China’s central bank has said it no longer sees any benefit in increasing its $3.66 trillion foreign currency reserves – already the world’s largest. China will cap its purchases of US dollars in an effort to limit the depreciation of the yuan.
“It’s no longer in China’s favor to accumulate foreign-exchange reserves,” Bloomberg quoted Yi Gang, a deputy governor at the central bank as saying Tuesday.
Decreasing the influence of the dollar and other currencies is a step closer to reaching China’s 2015 goal to “float” its currency and according to the People’s Bank of China will help the everyday Chinese citizen.
Between July and September 2013 China’s increased its foreign – currency holdings by $166 billion, boosting it to the world’s highest of $3.66 trillion. This is also more that the Read more…
How much is 1,000,000,000,000,000 yen worth? Well, a quadrillion yen is worth approximately 10.5 trillion dollars. It is an amount of money that is larger than the “the economies of Germany, France and the U.K. combined“. It is such an astounding amount of debt that it is hard to even get your mind around it. The government debt to GDP ratio in Japan will reach 247 percent this year, and the Japanese currently spend about 50 percent of all central government tax revenue on debt service. Realistically, there are only two ways out of this overwhelming debt trap for the Japanese. Either they default or they try to inflate the debt away. At this point, the Japanese have chosen to try to inflate the debt away. They have initiated the greatest quantitative easing experiment that a major industrialized nation has attempted since the days of the Weimar Republic. Over the next two years, the Bank of Japan plans to zap 60 trillion yen into existence out of thin air and use it to buy Read more…
Food prices hit record highs in February 2011 and stoked protests connected to the Arab Spring wave of civil unrest in some North African and Middle Eastern countries. They then receded, but started to grow again in January.
The index, which measures monthly price changes for a food basket of cereals, oilseeds, dairy, meat and sugar, averaged 215,9 points in March, up from a revised 215,4 points in February, FAO data showed.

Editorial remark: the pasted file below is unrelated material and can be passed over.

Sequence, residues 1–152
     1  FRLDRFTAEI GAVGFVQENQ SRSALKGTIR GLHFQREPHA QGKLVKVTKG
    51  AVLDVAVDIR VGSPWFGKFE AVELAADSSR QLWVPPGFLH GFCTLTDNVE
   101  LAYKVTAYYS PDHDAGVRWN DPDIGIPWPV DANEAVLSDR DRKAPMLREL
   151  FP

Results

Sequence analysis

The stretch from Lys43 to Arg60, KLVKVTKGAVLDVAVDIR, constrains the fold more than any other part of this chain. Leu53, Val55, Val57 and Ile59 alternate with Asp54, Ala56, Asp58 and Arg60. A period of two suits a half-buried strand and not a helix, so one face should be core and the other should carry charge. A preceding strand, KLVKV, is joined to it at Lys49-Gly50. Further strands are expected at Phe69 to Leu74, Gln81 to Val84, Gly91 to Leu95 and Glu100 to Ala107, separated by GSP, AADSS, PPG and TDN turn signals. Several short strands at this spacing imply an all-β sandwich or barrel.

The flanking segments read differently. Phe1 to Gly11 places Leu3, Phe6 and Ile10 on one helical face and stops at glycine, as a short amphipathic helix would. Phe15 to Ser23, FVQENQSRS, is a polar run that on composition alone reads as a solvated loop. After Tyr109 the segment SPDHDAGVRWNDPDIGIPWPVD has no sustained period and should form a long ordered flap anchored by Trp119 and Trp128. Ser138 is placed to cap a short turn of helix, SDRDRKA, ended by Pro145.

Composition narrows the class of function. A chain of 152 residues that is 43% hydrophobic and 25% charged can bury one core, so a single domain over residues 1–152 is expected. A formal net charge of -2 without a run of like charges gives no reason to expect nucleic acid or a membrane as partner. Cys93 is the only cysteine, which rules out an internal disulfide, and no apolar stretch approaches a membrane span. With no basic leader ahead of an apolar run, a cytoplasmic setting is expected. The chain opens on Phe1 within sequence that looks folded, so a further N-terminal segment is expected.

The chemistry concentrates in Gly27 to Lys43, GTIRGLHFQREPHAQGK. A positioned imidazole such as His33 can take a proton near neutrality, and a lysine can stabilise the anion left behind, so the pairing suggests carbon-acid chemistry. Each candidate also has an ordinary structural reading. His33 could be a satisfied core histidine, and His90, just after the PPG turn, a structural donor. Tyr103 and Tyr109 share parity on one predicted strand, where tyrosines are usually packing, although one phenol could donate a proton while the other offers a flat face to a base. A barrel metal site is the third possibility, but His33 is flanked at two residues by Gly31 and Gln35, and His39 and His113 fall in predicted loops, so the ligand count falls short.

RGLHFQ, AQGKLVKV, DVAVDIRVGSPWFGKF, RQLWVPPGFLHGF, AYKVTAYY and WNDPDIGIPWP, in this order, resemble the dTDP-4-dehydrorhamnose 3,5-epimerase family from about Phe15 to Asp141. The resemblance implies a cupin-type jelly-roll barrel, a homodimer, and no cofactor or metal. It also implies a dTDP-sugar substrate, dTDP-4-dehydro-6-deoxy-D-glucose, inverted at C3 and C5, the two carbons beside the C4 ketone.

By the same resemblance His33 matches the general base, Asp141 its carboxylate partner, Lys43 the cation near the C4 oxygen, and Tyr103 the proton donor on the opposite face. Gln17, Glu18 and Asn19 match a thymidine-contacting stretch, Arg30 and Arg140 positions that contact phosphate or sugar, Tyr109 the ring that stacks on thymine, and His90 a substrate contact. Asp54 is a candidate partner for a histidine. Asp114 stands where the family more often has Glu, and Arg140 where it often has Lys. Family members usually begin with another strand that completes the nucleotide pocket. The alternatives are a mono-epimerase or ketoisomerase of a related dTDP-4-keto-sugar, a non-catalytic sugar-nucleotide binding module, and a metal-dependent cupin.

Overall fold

Its cereal price index averaged 227 points in March, up from February, with maize prices showing gains, supported by low inventories and a strong soybean market, the FAO said.
“You can see prices in the near term rising even further,” FAO’s senior economist and grain analyst Abdolreza Abbassian said before the index update.
The FAO also confirmed its earlier forecast for world wheat output to fall 1,4% from Read more…
Ron Paul To Ben Bernanke: “People Lose Trust In The Government Because You Lie To Them About Inflation” (Video)
by Tyler Durden
Anytime Ron Paul sits across from Ben Bernanke you know sparks will fly. Sure enough, they did: starting 50 seconds into the clip below, Ron Paul, guns blazing, asks the Chairman if he does his own shopping, if he is aware of what true inflation is, and if he knows that Americans don’t trust the government because they are being lied to about inflation. And it only gets better, once Paul starts brandishing a silver coin. The punchline: “The Fed will self-destruct anyway when the money is gone” – amen. And ironically letting the Fed keep on doing what it is doing will achieve that in the fastest possible way. In fact, letting the system cannibalize itself with no further hindrances may be the best option currently available – just go to town.